Exemption of FX Swaps, Forwards Leaves Unresolved Issues

Treasury's decision to free some FX derivatives from clearing requirements leaves corporate end users querying the status of non-deliverable forwards.

Tom Deas of FMC Corp., NACTThe U.S. Treasury finally announced late last week that it was exempting foreign exchange forwards and swaps from Dodd-Frank clearing requirements, but there are still several issues outstanding that could affect corporate end users of derivatives. 

FX forwards and swaps remain subject to requirements including trade reporting, the Commodity Futures Trading Commission’s anti-evasion authority, which aims to keep Wall Street from tweaking cleared FX products to receive exempt status, and Dodd-Frank’s business conduct rules, according to an analysis by Cadwalader Wickersham & Taft.

In its announcement, Treasury said participants in FX forwards and swaps know their own and their counterparties’ payment obligations and their full exposures through the life of the contract, which distinguishes them from a handful of other FX derivatives that most likely will have to be cleared, including FX options, currency swaps, cross-currency swaps, contracts for differences, foreign-rate agreements and non-deliverable forwards (NDFs)

End users are hoping to get NDFs exempted from clearing as well. NDFs are used predominately by multinationals doing business in developing countries, such as China and Brazil, that have significant currency controls and restrict investments by foreign firms, making it hard to use deliverable forwards.

Tom Deas, treasurer at FMC Corp. and chairman of the National Association of Corporate Treasurers (NACT), notes that Treasury’s rule says FX options, currency swaps and NDFs are not exempted from the Commodity Exchange Act’s definition of a “swap.” Presumably that language was crafted in conjunction with the Commodity Futures Trading Commission and represents the government’s position.    

“However, in August, in response to a question from CFTC Commissioner Jill Sommers, the [CFTC] staff responded that they do have the authority to exempt NDFs, which would put them in the same category as FX spot and forward trades,” says Deas, pictured above. “The ball is now in the CFTC’s court, at least to define NDFs as being exempt.”  

Luke Zubrod of Chatham financialLuke Zubrod, director at Chatham Financial, says the CFTC staff’s acknowledgement that the agency could exempt NDFs raised a spark of hope, especially since NDFs resemble deliverable forwards and are really the only option for companies hedging the risk of some currencies.   

“Market participants need to assume that the current state of affairs will likely remain,” Zubrod says. “But there will probably be a debate in the background raising at least the possibility that NDFs could gain consideration for also being exempted.”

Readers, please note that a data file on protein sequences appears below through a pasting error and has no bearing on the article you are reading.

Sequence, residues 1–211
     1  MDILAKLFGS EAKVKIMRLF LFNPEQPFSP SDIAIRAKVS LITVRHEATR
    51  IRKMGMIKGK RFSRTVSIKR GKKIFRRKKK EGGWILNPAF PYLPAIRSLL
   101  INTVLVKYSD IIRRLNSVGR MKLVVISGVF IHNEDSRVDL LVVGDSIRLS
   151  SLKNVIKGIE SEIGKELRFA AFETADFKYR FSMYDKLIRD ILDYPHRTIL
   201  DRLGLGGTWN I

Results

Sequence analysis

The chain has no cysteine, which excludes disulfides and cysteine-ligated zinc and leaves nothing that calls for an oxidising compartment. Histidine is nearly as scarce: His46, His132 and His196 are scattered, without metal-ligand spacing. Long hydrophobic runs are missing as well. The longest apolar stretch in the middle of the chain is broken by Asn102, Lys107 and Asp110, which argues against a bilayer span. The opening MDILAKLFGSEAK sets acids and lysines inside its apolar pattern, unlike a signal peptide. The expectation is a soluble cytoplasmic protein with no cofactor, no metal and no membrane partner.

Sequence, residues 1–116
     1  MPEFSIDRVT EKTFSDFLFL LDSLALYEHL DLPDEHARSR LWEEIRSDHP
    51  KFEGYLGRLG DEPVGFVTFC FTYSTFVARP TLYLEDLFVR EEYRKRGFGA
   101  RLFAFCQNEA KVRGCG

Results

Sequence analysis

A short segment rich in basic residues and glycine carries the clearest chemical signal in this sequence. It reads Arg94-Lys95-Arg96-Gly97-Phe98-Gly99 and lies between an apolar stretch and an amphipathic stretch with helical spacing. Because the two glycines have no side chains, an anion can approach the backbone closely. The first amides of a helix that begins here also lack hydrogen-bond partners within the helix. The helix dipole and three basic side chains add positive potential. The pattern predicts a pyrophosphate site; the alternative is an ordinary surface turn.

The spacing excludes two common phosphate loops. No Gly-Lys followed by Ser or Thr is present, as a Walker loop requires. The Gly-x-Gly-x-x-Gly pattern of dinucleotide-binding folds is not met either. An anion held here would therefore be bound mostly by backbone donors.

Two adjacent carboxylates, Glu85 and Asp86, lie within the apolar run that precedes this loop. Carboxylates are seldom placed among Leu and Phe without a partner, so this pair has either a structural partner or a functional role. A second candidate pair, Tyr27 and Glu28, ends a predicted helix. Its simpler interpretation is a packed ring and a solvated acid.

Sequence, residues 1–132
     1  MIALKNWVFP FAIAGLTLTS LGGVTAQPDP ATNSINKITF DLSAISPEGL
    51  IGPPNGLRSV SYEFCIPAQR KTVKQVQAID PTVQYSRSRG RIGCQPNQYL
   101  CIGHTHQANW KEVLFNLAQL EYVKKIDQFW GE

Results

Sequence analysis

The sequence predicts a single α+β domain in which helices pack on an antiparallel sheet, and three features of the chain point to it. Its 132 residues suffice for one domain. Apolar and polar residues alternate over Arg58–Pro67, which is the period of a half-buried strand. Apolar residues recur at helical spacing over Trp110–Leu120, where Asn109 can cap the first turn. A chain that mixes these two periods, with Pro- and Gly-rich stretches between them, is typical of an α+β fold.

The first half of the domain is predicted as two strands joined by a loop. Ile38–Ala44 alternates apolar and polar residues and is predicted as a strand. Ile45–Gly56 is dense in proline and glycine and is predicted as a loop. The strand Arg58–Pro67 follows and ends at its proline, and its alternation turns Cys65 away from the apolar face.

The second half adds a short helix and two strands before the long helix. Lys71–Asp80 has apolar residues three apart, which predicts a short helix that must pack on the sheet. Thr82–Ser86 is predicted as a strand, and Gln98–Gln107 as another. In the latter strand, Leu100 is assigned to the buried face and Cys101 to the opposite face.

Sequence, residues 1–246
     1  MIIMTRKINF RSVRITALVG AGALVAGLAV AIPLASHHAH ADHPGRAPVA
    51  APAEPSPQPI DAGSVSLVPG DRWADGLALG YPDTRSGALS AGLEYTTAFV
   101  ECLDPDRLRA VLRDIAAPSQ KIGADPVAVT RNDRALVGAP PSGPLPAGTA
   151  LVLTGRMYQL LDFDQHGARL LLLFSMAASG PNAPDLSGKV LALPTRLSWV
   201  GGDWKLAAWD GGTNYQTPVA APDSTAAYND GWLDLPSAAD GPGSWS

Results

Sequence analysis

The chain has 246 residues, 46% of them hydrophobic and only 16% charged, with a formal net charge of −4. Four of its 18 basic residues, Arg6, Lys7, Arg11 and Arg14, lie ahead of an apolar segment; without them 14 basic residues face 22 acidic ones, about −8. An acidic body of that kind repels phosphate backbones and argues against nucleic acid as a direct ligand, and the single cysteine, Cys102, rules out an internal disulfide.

Another uncertainty involves companies’ central treasury centers and whether their hedging activities will be exempt from clearing requirements. That issue was partly resolved by CFTC guidance clarifying that trades between a company’s affiliates to hedge risk are exempt from clearing, Zubrod says. However, because central treasury centers typically seek to hedge their netted exposures with an outside party, the market-facing transaction with the outside party may be subject to clearing unless the CFTC opts to exempt such transactions.  

Another open issue involves margin requirements, and whether banking regulators will carry through on indications they’ve given that they will require banks to impose margin requirements on end users, or exempt end users from margin as well as clearing requirements. Deas notes that NACT, as part of the Coalition for Derivatives End-Users, submitted a comment letter to the CFTC on Sept. 14 requesting a broad exemption from margin requirements for end users.

Even if corporate end users can avoid posting margin, however, it appears likely that their costs for engaging in FX transactions will rise, since Basel III capital requirements that start to take effect next year will increase costs for banks that they are almost certain to pass on to customers.

Some corporates may even decide that clearing transactions is the better option.

“If treatment of over-the-counter swaps is more costly, then dealers will offer preferential terms and better pricing on cleared deals, even if they could be exempt,” says Craig Pirrong, finance professor at the University of Houston’s Bauer College of Business. 


For previous coverage, see Treasury Exempts FX Swaps from Dodd-Frank. See the Treasury's announcement here.



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